The present invention relates to a grooving indexer for use with routing apparatus of the type disclosed and claimed in my prior U.S. Pat. No. 4,114,664 granted Sept. 19, 1978. The grooving indexer is intended to be used when it is desired to render the routing apparatus capable of rapidly routing a plurality of straight parallel grooves in cabinet doors or similar panels.
In routing apparatus of the type referred to, a router is mounted on the end of a bar which extends over the panel so that the router can cut grooves in the surface of the panel in a desired pattern. The bar is mounted on a carriage for longitudinal reciprocal movement in one dimension of the panel, and the carriage is mounted for movement at right angles thereto in the other dimension of the panel. By controlling movements of the bar and carriage, various patterns in preselected designs may be routed in the upper face of the panel.
An object of the present invention is to provide a grooving indexer which, in conjunction with routing apparatus of the type referred to, permits the operator to rapidly rout parallel straight grooves in cabinet doors or similar panels.
A further object is to provide such a grooving indexer which is semi-automatic in operation thereby insuring accuracy with the use of minimum skill even though the mechanism is being operated at high speed.
Another object is to provide a grooving indexer as described which is simple to set up and adjust to vary the placement and spacing of the grooves produced by the router whereby a variety of designs may be created as desired.
Another object is to provide a grooving indexer which is dependable in operation and capable of high speed operation over extended periods of time whereby routed panels may be produced at a high output rate.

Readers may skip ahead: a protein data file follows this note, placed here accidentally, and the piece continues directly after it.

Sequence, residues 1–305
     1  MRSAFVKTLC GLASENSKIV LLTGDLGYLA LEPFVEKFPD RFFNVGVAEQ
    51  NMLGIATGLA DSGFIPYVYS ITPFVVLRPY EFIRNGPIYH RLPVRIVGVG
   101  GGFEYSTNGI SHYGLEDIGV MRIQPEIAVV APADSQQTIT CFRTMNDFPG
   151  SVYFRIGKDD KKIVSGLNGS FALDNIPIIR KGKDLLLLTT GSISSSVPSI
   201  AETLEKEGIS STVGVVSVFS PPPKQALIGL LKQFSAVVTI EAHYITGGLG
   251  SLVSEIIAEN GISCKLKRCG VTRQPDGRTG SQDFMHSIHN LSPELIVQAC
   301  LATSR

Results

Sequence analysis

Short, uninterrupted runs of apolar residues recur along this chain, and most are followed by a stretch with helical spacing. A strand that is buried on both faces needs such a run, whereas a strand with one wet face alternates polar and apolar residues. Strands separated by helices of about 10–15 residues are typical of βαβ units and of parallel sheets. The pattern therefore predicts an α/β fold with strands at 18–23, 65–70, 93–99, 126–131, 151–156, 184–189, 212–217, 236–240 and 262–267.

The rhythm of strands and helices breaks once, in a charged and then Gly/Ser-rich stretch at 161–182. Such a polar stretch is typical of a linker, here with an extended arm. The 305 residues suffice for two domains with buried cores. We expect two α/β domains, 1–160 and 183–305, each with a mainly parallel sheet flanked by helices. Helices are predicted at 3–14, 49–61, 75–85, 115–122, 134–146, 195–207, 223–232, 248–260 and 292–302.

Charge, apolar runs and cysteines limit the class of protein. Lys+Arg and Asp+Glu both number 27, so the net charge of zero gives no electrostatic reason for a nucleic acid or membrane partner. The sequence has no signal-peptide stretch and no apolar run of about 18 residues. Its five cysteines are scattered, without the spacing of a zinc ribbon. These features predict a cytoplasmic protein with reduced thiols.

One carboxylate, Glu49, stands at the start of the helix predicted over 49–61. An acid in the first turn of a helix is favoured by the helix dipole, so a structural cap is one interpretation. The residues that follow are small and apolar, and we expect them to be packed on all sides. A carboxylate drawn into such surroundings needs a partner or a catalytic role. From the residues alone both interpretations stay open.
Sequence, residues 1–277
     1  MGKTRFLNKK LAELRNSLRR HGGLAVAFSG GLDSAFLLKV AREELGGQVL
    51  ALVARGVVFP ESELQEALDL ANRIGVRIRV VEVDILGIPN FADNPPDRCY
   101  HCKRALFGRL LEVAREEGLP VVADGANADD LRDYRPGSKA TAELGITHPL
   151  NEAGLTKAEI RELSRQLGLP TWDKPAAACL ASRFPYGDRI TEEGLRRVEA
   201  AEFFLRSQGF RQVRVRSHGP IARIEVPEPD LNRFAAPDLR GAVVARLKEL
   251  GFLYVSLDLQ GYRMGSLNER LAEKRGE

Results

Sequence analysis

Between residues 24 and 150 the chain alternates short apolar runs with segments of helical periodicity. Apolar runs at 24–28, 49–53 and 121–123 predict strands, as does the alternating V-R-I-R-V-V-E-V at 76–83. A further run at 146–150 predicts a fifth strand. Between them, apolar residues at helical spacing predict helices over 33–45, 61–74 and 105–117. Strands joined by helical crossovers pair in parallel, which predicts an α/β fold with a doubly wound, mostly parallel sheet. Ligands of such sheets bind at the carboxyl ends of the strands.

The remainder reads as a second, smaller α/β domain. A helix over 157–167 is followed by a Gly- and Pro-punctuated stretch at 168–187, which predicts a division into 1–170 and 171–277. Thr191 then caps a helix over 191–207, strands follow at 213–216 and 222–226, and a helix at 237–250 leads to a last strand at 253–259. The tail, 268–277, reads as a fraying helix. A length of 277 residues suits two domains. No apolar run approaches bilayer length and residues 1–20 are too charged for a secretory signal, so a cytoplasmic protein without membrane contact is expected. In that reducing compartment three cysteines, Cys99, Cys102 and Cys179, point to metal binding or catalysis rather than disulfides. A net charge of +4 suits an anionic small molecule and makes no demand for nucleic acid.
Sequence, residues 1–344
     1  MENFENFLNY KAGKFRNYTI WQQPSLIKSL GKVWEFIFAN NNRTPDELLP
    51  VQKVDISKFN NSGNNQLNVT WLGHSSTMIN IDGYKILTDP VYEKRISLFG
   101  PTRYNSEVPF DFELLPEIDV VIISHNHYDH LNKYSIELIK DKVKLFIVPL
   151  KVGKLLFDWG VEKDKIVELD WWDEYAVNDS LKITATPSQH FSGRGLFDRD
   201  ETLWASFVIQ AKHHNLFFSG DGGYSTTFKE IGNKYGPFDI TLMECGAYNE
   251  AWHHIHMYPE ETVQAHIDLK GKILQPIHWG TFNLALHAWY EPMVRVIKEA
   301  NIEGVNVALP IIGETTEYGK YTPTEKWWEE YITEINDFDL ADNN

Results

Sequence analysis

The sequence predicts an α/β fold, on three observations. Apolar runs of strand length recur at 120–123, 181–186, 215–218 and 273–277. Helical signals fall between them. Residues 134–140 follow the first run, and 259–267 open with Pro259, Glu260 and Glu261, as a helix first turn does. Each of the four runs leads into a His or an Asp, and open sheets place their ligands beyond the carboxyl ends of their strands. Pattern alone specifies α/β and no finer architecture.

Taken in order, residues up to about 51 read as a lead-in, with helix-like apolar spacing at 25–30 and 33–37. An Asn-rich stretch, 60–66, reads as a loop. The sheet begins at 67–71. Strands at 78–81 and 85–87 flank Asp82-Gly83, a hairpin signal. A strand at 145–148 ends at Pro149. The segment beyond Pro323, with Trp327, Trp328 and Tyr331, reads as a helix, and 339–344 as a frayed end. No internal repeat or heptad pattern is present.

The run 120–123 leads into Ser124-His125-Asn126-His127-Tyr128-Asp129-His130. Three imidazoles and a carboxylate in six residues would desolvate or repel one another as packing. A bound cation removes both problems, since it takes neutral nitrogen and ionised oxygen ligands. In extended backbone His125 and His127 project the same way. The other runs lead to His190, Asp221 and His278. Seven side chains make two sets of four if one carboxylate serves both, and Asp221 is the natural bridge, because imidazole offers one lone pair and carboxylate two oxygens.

Other objects will be in part obvious and in part pointed out in more detail in the following description and the accompanying drawings which set forth an illustrative embodiment of the invention.
FIG. 1 is a fragmentary plan view of a routing apparatus to which a grooving indexer embodying my invention has been applied;
FIG. 2 is an enlarged fragmentary side view, partially in cross-section taken from the right hand side of the apparatus as viewed in FIG. 1;
FIG. 3 is an enlarged fragmentary plan view of the router supporting bar of the routing apparatus;
FIG. 4 is a cross-sectional view taken along the line 4--4 of FIG. 3;
FIG. 5 is a cross-sectional view taken along the line 5--5 of FIG. 3;
FIG. 6 is a cross-sectional view taken along the line 6--6 of FIG. 3;
FIG. 7 is a cross-sectional view taken along the line 7--7 of FIG. 3;
FIGS. 8A, 8B, 8C and 8D are fragmentary elevational views of the tripping mechanism showing the sequence of operational steps; and
FIGS. 9A and 9B are plan views, partially diagramatic, of a panel showing the sequence of routing steps to create a design simulating random planking.